Thank you also to the designer of my book cover, Kristen Ashley, for this beautiful version of the photo!

Thank you also to the designer of my book cover (sneak peek coming this week), Kristen Ashley, for this beautiful version of the photo!

18 thoughts on “Defining Our Enoughs and Everythings

  1. Through infertility, “hard is not relative, hard is hard” has become something I live by. No one of the outside can judge what you have been through and how it has emotionally impacted you. Here’s to your ever upward and living a life based on trust. ❤

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    1. Exactly! Thank you so much for leaving your kind words and taking the time to read!!! J

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    2. iciemeg says:

      I would agree with “Awaiting Autumn”. I know that my doing what I did was easier than someone else who did less treatment. We each have our own limits and resources and life stories to live.

      Meg

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  2. Thank you so much for sharing! It’s so hard to know when enough is enough and deciding what we really want to do versus what we feel we SHOULD do. Thank you for this post:)

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    1. Of course! Thank you for the spark. You know, you really truly do know. And if you don’t, then it isn’t time… J

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  3. Jane says:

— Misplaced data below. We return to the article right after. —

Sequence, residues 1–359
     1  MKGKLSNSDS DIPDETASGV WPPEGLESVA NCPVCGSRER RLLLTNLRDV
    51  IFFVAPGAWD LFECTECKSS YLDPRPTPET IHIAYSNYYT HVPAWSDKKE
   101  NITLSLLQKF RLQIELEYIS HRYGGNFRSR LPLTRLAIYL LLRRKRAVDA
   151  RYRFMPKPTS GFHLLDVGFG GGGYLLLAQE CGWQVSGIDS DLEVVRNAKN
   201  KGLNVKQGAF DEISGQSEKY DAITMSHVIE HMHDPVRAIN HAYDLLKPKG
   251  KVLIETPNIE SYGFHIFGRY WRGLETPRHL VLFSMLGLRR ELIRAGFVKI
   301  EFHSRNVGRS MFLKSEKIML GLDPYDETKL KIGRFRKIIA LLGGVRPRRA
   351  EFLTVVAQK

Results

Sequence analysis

I’ve been realizing that I have difficulty with saying enough is enough. It always seems like I should leave a back door open ‘just in case’. I think I’m starting to realize how crippling that can be. Thank-you. I’m waiting for the book.

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    1. Then I guess it isn’t your time yet because I’m not sure we have to leave the door open. Eventually you’ll be able to embrace and trust it completely. At least I think. Sending you clarity and healing and love! Justine

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  4. It’s very hard to decide when enough is enough and then to actually accept the outcome of that decision. We know our enough is just around the corner, we both see the writing on the wall. For us, this has meant that we decided one more try and we are not looking beyond that. We both suspect that will be our last attempt, but we also know that we aren’t ready to make that decision today and its not in our best interest to dwell on that just yet.

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    1. Exactly, trust yourselves and one another. You have your answers within you, and they become clear when you’re ready.

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  5. iciemeg says:

    I do not understand the concept of “shame” attached to infertility and pregnancy loss. — I understand the not wanting to “be” the cycles of trying, but the medical journey is useful information. If you want to find someone who can give points about how to deal with IVF, then you want to know if someone even did an IVF cycle. If you want to know about someone who used particular meds or went to a particular clinic, then that is useful information. When I find someone who can truly relate, then it does help to find someone who has walked a bit of my path. The stories, including the numbers, matter to me.

    Shame… no! No shame! I am NOT my numbers, but my numbers are part of my story and my life. I’m sorry if that makes you uncomfortable. We each have our own story.

    Meg

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    1. My numbers are absolutely part of my story, my three, as I write in the post after this one. Look up Brene Brown, you will understand more about shame. Thank you for reading and commenting!

      Like